we’ll give you the bad news first startups can no longer deduct (aka subtract) r&d expenses from revenue.
for software or product development costs, you now have to capitalize (aka spread them out)
over 5 years if they’re domestic, and over 15 years if they’re foreign (aka offshore).
because of something called...
we’ll give you the bad news first
startups can no longer deduct (aka subtract) r&d expenses from revenue. for software or product development costs, you now have to capitalize (aka spread them out) over 5 years if they’re domestic, and over 15 years if they’re foreign (aka offshore). because of something called the ‘mid-year convention’, year 1 counts as only half of a year. so functionally, you can only deduct 10% (not 20%) of domestic r&d expenses — and only 3.33% (not 6.66%) of foreign expenses — in the first year, 2022. this creates a substantially larger “computed” taxable income → an actual tax liability.
you may be thinking “whatever i’ve got NOLs” — but even those have been neutered: you can now only use NOLs to offset up to 80% of your “computed” taxable income. “hey you have a big tax liability now — and oh you can’t really use your NOLs to wipe it out.” all the while, this added tax burden means it’ll become harder to stockpile NOLs like before. it’s a combo fucking judo move if i’ve ever seen one.
now the good news: you can solve this with e2e tax strategy
all of a sudden, you can no longer separate NOLs and R&D in your thinking. your startup’s revenues and expenses, NOLs, and the new tax code need to be baked together. even future headcount planning and revenue projections roll into your complete tax strategy.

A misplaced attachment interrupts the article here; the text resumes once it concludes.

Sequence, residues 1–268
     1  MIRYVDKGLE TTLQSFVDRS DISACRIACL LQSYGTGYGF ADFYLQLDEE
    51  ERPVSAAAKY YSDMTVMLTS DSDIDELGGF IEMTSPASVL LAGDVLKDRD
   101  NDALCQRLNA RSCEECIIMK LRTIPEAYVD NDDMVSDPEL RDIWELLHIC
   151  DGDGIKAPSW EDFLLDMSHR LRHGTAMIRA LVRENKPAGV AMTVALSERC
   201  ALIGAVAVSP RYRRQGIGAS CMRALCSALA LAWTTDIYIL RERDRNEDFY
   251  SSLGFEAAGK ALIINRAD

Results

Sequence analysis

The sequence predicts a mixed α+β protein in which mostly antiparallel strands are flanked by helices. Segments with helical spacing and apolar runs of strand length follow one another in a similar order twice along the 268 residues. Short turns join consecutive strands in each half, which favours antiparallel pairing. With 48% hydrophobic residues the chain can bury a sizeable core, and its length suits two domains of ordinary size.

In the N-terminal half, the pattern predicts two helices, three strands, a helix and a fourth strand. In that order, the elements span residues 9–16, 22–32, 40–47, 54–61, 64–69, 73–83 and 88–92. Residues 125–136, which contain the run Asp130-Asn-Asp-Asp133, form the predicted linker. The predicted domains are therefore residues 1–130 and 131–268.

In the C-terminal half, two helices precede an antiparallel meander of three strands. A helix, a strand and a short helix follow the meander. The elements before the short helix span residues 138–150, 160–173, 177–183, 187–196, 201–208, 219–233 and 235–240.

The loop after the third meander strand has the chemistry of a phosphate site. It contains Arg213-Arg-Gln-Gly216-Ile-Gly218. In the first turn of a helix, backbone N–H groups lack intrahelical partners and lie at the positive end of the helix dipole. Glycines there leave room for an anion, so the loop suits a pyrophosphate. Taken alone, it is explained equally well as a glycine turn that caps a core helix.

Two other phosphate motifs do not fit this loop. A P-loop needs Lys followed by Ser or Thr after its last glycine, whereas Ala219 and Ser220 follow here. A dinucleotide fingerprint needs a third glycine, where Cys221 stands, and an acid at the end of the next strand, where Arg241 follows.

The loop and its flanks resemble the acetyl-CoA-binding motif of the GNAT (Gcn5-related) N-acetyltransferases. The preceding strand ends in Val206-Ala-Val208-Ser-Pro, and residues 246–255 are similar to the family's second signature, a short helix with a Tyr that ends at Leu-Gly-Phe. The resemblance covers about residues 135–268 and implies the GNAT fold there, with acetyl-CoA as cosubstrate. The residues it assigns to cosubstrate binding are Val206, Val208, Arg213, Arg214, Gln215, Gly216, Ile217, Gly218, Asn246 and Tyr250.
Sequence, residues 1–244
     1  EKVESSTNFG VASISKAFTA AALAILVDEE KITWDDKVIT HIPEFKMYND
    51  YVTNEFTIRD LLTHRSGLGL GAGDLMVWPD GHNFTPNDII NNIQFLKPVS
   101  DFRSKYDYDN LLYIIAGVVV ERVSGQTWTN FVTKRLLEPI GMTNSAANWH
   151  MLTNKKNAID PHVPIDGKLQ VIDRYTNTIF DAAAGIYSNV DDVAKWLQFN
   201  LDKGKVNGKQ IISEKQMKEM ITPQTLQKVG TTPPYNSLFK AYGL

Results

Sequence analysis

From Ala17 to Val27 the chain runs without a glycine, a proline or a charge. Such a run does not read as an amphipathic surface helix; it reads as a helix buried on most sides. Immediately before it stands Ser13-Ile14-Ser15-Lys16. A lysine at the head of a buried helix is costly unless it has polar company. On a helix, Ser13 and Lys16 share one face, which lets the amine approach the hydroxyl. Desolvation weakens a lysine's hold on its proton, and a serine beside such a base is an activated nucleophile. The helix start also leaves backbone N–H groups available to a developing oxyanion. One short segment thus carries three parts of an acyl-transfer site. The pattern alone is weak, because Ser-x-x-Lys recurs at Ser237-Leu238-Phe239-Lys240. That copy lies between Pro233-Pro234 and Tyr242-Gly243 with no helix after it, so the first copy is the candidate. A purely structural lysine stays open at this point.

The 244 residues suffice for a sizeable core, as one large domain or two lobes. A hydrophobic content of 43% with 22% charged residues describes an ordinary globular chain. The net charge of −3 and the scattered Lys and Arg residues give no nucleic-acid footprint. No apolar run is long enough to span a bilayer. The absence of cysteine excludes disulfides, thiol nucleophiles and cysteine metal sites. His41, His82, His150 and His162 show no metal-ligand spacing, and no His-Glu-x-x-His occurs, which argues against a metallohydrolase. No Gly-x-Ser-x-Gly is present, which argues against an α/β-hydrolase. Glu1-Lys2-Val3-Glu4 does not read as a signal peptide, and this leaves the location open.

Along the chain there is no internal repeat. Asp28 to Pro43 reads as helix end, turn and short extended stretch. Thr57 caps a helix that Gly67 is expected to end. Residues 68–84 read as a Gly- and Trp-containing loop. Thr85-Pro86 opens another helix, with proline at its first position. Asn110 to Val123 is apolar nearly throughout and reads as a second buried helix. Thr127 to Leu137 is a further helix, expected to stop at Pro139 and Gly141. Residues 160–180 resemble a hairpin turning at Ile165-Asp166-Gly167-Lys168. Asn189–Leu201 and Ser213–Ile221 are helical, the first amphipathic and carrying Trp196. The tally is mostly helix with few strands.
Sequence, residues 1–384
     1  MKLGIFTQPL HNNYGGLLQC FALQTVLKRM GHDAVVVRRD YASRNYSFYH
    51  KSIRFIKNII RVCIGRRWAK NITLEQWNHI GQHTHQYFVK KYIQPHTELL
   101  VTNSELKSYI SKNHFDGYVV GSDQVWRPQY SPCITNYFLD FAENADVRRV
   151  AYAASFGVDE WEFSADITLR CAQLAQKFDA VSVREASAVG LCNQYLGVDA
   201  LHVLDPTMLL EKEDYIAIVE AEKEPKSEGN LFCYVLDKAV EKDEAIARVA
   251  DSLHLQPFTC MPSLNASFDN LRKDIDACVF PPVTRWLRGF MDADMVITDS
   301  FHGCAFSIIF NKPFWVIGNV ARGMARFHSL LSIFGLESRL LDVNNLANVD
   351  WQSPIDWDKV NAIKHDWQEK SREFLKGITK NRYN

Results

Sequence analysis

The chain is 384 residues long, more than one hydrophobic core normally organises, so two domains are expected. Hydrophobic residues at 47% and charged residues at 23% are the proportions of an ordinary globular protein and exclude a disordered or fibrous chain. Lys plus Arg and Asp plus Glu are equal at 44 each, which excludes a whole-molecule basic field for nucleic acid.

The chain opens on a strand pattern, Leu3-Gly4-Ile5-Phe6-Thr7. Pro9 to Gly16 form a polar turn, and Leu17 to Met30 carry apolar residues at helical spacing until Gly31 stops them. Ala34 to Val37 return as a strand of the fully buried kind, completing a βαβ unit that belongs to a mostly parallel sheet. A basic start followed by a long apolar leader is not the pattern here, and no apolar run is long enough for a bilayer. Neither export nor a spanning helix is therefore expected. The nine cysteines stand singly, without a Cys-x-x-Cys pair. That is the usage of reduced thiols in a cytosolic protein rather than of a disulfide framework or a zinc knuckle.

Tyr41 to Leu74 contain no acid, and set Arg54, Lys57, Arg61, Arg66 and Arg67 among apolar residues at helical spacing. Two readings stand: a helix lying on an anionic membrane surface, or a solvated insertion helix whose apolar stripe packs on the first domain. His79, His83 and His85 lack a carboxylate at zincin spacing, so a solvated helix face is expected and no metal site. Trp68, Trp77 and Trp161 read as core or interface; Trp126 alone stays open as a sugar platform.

the semi-good news is that your startup likely already has a very healthy reserve of NOLs, so you'd only really have to worry about covering the remaining 20% with r&d credits. aka optimize the allocation of r&d expenses such that whatever is capitalized — ironically the same (ish) type of expense used to generate an r&d credit — creates a taxable income just big enough to have 80% of it wiped out by NOLs. the remainder will get taken care of by the income tax r&d credits.
plus, if you model out + expect future years to have computed taxable income, you can be sure to build up a healthy enough reserve of deferred tax assets. you'd only need 1/5 the tax credits since they'd offset the tax burden itself, as opposed to the NOLs which only offset computed taxable income.
why startups can’t just do r&d credits anymore
apart from often being inaccurate, this method presents a new problem under the new rules: the well-known strategy of ‘throwing in the kitchen sink’ to maximize your r&d credit will create a larger tax bill in its wake than the credit it alleges to claim for startups.
instead, startups need to start planning and optimizing their tax strategy, while optimizing — not maximizing — their r&d tax credit along the way.
By Neo.Tax Team So you’re a startup and believe the best way to get the help you need to build your company is with independent contractors... hmmm, interesting. It’s your company, so we’re not here to tell you how to run it, just that you’re missing out on up...
By Neo.Tax Team
So you’re a startup and believe the best way to get the help you need to build your company is with independent contractors... hmmm, interesting.
It’s your company, so we’re not here to tell you how to run it, just that you’re missing out on up to $250,000 in research and development tax credits by not setting up payroll.
Yup, you heard that right. You could miss out on hundreds of thousands of dollars because you either haven’t set up payroll or you've set it up incorrectly.
Imagine what you could do with that money. Maybe:
Extend your runway
Help continue necessary R&D
Have no fear, Neo. Tax is here!
Check out our guide to setting up your payroll taxes as a startup or new business.
Why not Independent Contractors?
Let’s be clear: you can report independent contractors on your R&D tax credit claim.
The credit is a percentage of your QREs, also known as qualified research expenditures. These expenditures include in-house research expenses and contracted research expenses. Contract research expenses are handled a bit differently than in-house research. Only 65% of contractor research can be claimed–here’s an example of what that means: